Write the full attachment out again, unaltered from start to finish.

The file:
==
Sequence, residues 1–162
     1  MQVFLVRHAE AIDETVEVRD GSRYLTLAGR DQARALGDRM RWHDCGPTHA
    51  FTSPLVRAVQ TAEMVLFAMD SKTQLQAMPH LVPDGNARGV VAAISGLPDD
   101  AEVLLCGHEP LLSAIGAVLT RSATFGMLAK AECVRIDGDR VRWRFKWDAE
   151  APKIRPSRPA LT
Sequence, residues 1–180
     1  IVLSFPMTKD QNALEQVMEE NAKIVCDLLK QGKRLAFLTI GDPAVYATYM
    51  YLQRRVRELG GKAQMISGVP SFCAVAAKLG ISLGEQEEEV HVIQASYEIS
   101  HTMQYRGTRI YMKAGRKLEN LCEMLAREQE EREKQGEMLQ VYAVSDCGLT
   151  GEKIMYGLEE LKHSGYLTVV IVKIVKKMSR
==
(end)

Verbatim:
Sequence, residues 1–162
     1  MQVFLVRHAE AIDETVEVRD GSRYLTLAGR DQARALGDRM RWHDCGPTHA
    51  FTSPLVRAVQ TAEMVLFAMD SKTQLQAMPH LVPDGNARGV VAAISGLPDD
   101  AEVLLCGHEP LLSAIGAVLT RSATFGMLAK AECVRIDGDR VRWRFKWDAE
   151  APKIRPSRPA LT
Sequence, residues 1–180
     1  IVLSFPMTKD QNALEQVMEE NAKIVCDLLK QGKRLAFLTI GDPAVYATYM
    51  YLQRRVRELG GKAQMISGVP SFCAVAAKLG ISLGEQEEEV HVIQASYEIS
   101  HTMQYRGTRI YMKAGRKLEN LCEMLAREQE EREKQGEMLQ VYAVSDCGLT
   151  GEKIMYGLEE LKHSGYLTVV IVKIVKKMSR